Fossil Fuels Are Making the Planet Greener
(p. C4) The latest and most detailed satellite data, which is yet to be published but was summarized in an online lecture last July by Ranga Myneni of Boston University, confirms that the greening of the Earth has now been going on for 30 years. Between 1982 and 2011, 20.5% of the world's vegetated area got greener, while just 3% grew browner; the rest showed no change.
What explains this trend? Man-made nitrogen fertilizer causes crops to grow faster, but it is having little effect on forests. There are essentially two possibilities: climate and carbon dioxide itself. Warmer, wetter weather should cause more vegetation to grow. But even without warming, an increase in carbon dioxide should itself accelerate growth rates of plants. CO2 is a scarce resource that plants have trouble scavenging from the air, and plants grow faster with higher levels of CO2 to inhale.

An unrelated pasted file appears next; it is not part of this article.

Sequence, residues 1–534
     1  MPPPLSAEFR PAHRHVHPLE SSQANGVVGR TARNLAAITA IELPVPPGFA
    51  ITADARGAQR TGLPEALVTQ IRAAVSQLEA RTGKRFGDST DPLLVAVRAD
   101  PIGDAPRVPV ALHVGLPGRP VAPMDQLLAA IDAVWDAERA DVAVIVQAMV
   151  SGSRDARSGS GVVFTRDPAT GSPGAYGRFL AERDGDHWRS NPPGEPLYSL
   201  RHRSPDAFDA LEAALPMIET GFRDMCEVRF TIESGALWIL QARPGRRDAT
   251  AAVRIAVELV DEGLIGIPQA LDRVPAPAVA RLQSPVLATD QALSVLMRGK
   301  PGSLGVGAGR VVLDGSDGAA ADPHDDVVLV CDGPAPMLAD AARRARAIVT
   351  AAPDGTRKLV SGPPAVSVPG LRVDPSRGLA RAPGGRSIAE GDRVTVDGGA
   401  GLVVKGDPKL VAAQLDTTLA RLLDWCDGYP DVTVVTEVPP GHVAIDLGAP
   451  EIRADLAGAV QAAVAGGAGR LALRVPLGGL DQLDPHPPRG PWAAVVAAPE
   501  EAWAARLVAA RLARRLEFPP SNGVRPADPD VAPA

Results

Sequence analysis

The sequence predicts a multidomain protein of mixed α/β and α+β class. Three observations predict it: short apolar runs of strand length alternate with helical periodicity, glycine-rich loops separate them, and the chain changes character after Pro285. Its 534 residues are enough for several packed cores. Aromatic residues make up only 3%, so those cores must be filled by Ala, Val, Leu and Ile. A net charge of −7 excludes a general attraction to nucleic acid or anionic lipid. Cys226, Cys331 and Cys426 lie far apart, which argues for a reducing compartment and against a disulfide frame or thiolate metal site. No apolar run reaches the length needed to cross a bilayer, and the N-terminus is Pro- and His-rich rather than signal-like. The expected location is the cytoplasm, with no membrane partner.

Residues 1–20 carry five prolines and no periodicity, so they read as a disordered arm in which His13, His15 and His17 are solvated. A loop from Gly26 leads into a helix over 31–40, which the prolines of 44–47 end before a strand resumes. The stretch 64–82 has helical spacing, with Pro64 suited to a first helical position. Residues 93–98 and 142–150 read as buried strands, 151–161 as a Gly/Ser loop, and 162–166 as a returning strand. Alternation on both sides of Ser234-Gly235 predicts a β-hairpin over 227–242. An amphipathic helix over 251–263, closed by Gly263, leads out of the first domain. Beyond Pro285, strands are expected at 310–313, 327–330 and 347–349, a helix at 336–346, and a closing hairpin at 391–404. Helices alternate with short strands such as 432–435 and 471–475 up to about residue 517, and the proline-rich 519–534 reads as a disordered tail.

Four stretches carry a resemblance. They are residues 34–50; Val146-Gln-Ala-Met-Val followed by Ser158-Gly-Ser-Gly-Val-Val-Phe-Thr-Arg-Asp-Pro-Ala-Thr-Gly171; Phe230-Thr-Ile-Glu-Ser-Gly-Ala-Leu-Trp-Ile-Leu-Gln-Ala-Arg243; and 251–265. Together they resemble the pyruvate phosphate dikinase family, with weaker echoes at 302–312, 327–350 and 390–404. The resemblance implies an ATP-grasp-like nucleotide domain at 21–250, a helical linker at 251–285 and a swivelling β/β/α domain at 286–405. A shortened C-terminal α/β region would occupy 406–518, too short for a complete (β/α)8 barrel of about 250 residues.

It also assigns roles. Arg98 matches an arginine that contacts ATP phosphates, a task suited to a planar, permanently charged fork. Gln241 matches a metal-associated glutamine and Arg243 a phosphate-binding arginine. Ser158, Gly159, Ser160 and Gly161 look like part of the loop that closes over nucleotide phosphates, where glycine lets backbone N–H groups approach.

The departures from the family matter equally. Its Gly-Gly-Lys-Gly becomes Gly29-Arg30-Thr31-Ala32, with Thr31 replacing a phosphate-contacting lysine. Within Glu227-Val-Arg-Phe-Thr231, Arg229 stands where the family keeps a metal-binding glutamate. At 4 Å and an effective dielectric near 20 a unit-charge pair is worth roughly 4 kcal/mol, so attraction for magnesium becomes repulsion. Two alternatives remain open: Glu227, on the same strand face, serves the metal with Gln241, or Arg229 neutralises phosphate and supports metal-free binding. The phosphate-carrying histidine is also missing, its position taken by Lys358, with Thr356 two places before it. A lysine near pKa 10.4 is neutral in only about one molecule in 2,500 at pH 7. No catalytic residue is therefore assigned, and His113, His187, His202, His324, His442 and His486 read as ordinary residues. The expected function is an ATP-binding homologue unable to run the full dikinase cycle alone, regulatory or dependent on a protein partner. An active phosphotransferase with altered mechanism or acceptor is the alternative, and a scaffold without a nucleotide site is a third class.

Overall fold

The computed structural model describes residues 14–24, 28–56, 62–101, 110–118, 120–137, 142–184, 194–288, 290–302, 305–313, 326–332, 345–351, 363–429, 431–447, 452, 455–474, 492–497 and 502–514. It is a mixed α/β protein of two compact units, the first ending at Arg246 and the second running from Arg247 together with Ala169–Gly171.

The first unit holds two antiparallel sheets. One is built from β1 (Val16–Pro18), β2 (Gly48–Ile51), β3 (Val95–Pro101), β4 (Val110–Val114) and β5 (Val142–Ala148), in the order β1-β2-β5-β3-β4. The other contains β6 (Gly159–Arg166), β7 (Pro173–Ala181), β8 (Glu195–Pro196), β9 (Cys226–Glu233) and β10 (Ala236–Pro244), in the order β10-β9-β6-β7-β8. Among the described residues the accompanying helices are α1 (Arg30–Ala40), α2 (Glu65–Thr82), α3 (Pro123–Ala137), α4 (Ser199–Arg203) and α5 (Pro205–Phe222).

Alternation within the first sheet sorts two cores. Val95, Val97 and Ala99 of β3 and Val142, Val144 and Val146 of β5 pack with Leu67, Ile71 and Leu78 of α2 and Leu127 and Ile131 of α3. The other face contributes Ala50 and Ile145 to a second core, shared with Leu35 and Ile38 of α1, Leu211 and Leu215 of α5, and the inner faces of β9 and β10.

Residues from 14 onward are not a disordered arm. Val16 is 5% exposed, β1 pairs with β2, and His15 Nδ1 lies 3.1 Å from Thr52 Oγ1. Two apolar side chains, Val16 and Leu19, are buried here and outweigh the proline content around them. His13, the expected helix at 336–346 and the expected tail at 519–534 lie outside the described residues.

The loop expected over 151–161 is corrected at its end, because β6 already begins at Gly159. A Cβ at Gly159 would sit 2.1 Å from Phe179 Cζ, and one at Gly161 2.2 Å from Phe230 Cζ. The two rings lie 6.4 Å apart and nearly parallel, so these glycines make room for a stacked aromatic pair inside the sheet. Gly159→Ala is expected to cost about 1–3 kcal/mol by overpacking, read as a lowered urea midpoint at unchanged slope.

Dr. Myneni reckons that it is now possible to distinguish between these two effects in the satellite data, and he concludes that 50% is due to "relaxation of climate constraints," i.e., warming or rainfall, and roughly 50% is due to carbon dioxide fertilization itself. In practice, the two interact. A series of experiments has found that plants tolerate heat better when CO2 levels are higher.
The inescapable if unfashionable conclusion is that the human use of fossil fuels has been causing the greening of the planet in three separate ways: first, by displacing firewood as a fuel; second, by warming the climate; and third, by raising carbon dioxide levels, which raise plant growth rates.
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(Note: the online version of the commentary has the date January 4, 2013.)